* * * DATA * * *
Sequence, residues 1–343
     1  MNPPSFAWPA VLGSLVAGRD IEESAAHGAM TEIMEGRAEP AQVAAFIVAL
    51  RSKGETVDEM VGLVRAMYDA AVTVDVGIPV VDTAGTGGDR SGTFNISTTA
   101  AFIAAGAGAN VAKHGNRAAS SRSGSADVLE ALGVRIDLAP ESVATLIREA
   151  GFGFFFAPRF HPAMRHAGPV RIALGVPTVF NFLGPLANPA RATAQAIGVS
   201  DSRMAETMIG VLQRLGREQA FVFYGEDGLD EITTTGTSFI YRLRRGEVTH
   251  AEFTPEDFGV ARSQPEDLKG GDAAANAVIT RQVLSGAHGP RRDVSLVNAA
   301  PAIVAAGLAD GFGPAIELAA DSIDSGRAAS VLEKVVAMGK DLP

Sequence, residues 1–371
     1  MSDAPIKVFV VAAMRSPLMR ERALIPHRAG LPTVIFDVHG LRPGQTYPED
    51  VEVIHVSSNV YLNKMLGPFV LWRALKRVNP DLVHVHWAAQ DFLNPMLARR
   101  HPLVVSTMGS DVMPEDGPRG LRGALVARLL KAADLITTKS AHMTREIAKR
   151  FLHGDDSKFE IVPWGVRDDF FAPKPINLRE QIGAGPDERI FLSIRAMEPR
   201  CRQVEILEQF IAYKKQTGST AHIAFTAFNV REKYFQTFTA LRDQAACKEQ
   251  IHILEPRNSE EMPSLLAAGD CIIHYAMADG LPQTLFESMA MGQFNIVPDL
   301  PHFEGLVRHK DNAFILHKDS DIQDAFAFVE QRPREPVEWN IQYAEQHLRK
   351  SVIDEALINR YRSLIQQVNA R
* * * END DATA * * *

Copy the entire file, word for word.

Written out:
Sequence, residues 1–343
     1  MNPPSFAWPA VLGSLVAGRD IEESAAHGAM TEIMEGRAEP AQVAAFIVAL
    51  RSKGETVDEM VGLVRAMYDA AVTVDVGIPV VDTAGTGGDR SGTFNISTTA
   101  AFIAAGAGAN VAKHGNRAAS SRSGSADVLE ALGVRIDLAP ESVATLIREA
   151  GFGFFFAPRF HPAMRHAGPV RIALGVPTVF NFLGPLANPA RATAQAIGVS
   201  DSRMAETMIG VLQRLGREQA FVFYGEDGLD EITTTGTSFI YRLRRGEVTH
   251  AEFTPEDFGV ARSQPEDLKG GDAAANAVIT RQVLSGAHGP RRDVSLVNAA
   301  PAIVAAGLAD GFGPAIELAA DSIDSGRAAS VLEKVVAMGK DLP

Sequence, residues 1–371
     1  MSDAPIKVFV VAAMRSPLMR ERALIPHRAG LPTVIFDVHG LRPGQTYPED
    51  VEVIHVSSNV YLNKMLGPFV LWRALKRVNP DLVHVHWAAQ DFLNPMLARR
   101  HPLVVSTMGS DVMPEDGPRG LRGALVARLL KAADLITTKS AHMTREIAKR
   151  FLHGDDSKFE IVPWGVRDDF FAPKPINLRE QIGAGPDERI FLSIRAMEPR
   201  CRQVEILEQF IAYKKQTGST AHIAFTAFNV REKYFQTFTA LRDQAACKEQ
   251  IHILEPRNSE EMPSLLAAGD CIIHYAMADG LPQTLFESMA MGQFNIVPDL
   301  PHFEGLVRHK DNAFILHKDS DIQDAFAFVE QRPREPVEWN IQYAEQHLRK
   351  SVIDEALINR YRSLIQQVNA R